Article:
4 Simple Steps to Clean Your Ubuntu System

4 min


You can try these four simple steps right now to clean up your Ubuntu installation.

This quick tutorial would help you to clean up old Ubuntu installations and free up some disk space.

If you have been running an Ubuntu system for more than a year, you might feel that your system is slow and lagging despite your being up-to-date.

Over time, there are many apps which you might have installed just to experiment or after reading a great review, but you did not remove them. These are some ways to help you find out some hidden disk spaces that you can free up.

Steps to Clean Your Ubuntu System

1. Clean Apt Cache

An “apt cache” is where Ubuntu keeps all the files you have downloaded just in case you need to refer them later. Most users don’t bother to clean this up, which may take up hundreds of MBs.

Open a terminal and run the below command to see how much your cache size is:

du -sh /var/cache/apt/archives

You would be surprised to see the size if yours is an old installation. Run below from the terminal to clean it up.

sudo apt-get clean

2. Remove unused Kernels

If you have been running an Ubuntu system/installation for more than a year, chances are high that you have multiple Kernels installed. If your hardware is the latest and compatible with Linux without much configuration, you may go ahead and remove old Kernels keeping the latest one.

Run below from the terminal to clean those up:

sudo apt-get autoremove --purge
Autoremove Purge
Autoremove Purge

3. Remove Old Apps, Packages

If you are a person who likes to experiment with Linux Apps, you surely have some unused apps in your system that you definitely do not need anymore.

Now, you may have forgotten about the app names you installed. You can run below from the terminal to find out what you have recently installed:

This will give you a list of apps, and packages you have installed via the apt command:

history | grep "apt-get install"
List of apt installed app - History
List of apt installed app – History

This will give you a list of apps which you have installed in the recent past:

grep " install " /var/log/dpkg.log.1
zgrep " install " /var/log/dpkg.log.2.gz

You can run the below commands to remove the apps and packages:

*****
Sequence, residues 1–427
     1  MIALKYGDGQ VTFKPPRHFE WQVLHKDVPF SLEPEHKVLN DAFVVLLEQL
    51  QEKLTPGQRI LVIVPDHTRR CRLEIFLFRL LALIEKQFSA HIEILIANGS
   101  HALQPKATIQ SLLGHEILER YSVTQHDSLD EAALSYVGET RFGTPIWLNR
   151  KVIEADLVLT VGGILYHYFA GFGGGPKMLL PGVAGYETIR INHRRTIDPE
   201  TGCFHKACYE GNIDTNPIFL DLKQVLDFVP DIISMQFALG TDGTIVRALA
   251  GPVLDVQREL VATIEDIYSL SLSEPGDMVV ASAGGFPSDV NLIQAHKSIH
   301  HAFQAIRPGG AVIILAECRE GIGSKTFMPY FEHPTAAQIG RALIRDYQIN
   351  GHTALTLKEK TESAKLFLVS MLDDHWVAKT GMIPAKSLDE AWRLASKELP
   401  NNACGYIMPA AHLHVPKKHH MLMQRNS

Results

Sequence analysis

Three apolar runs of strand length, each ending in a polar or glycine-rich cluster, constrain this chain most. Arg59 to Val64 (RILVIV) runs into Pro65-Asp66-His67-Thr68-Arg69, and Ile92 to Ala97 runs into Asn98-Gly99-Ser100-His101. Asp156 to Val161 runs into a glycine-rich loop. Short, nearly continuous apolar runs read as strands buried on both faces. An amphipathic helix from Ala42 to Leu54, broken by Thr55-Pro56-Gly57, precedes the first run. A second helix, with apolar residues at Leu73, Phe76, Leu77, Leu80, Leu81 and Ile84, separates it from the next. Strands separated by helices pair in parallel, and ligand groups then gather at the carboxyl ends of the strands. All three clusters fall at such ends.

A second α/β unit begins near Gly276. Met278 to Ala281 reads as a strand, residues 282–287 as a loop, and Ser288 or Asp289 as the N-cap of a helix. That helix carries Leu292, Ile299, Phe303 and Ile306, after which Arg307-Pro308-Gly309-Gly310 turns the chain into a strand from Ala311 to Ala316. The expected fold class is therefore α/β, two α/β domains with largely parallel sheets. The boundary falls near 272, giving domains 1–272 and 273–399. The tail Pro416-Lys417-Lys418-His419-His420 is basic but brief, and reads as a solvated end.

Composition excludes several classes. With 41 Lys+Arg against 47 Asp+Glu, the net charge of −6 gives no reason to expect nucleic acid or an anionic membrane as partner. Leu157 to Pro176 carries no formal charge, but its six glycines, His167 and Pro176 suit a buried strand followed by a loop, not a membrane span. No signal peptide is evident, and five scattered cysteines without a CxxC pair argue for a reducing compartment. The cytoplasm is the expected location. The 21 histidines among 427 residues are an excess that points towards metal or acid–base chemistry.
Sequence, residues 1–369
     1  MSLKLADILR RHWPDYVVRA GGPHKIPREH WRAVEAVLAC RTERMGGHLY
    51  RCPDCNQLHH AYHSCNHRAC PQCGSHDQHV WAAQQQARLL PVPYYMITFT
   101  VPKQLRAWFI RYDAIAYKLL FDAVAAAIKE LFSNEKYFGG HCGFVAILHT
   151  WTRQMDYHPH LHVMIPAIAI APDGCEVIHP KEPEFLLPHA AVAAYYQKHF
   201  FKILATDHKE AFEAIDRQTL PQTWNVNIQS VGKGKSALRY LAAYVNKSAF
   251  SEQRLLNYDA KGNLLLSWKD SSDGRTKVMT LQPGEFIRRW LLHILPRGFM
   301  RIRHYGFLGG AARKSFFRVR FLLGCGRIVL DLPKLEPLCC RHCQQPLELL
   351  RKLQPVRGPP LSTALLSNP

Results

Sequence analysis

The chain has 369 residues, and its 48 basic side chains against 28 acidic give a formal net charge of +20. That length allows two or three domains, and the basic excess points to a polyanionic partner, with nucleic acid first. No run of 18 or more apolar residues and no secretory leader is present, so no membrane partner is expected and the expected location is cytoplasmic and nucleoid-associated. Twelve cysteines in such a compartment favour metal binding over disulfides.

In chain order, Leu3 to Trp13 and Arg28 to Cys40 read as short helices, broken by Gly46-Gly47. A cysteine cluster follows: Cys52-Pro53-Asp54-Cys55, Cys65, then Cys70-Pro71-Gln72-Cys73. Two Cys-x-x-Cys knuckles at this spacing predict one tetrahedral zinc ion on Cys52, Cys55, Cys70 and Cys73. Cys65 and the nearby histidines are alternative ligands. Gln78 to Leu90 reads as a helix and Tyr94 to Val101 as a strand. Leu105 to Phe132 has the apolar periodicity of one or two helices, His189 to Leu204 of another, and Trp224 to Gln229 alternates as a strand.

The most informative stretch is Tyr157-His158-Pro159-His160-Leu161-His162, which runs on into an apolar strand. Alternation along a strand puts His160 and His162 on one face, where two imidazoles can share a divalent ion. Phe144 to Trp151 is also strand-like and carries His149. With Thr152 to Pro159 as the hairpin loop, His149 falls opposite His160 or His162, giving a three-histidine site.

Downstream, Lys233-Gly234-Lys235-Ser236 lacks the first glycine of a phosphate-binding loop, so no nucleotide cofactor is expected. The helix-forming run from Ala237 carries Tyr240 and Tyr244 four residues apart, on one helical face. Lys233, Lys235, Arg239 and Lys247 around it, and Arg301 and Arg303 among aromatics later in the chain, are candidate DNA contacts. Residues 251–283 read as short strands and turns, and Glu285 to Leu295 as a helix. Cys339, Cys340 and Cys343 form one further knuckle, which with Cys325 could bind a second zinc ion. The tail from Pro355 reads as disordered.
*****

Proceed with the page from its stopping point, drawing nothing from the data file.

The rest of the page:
sudo apt remove   app1 package1

4. Use a system cleaner app

There is plenty of free and native system cleaner app available; however, I feel BleachBit is the best and oldest app for this purpose.

Install BleachBit using the below command or install using Software.

sudo apt install bleachbit

Once installed, open BleachBit and run a scan. It would show you all the cache files your browser is taking up, temp files, trash, etc., and you can clean it up with a click of a button.

Bonus Tips

Flatpak package cleanup

Flatpak applications and runtime take significant disk space. Because by design, the Flatpak executable combines the runtime. Although the runtime can be shared between related apps, many unused leftover runtimes may consume your disk space.

The most straightforward way to remove some unused Flatpak is the below command. Run it via the terminal.

flatpak uninstall --unused

For more information and wants to read details about it, refer to this article.

Clean Unused Snap items from Ubuntu

If you use Ubuntu, there is a high chance that you are using Snap packages. And over time, Snap accumulates irrelevant runtimes and files. You can use the following script to clean up some of the disabled snap runtimes.

Copy this entire script to a new file and name it clean_snap.sh:

Then give it executable permission using chmod +x clean_snap.sh command and run via ./clean_snap.sh

#!/bin/bash  
#Removes old revisions of snaps  
#CLOSE ALL SNAPS BEFORE RUNNING THIS  
set -eu  
LANG=en_US.UTF-8 
snap list --all | awk '/disabled/{print $1, $3}' |
      while read snapname revision; do
          snap remove "$snapname" --revision="$revision"
      done

For more insights into cleaning up the snap packages, refer to this article.

Bonus Tip

You can also manually search for large files using the following command.

find /home -type f -exec du -h {} + | sort -hr | head -20

For example, the following command searches and gives you the first 20 large files in the root directory “/”. Now you can review the large files and manually remove them using a file manager. Be careful while deleting any file. Try not to touch anything other than in your /home directory.

Find Large files in Linux
Find Large files in Linux

Wrapping Up

So, that’s it. If you followed the above steps, you definitely freed up some space in your Ubuntu system, and your system can breathe now. You can follow these measures to clean up the Ubuntu system. Do not forget to keep your system up-to-date with the latest packages.

🗨️ Comment below if you think you can free up some disk space and make your Ubuntu faster using these tips. What command do you normally use to Clean Your Ubuntu System?

Let me know.


Arindam

Creator of debugpoint.com. All time Linux user and open-source supporter. Connect with me via Telegram, Twitter, LinkedIn, or send us an email.
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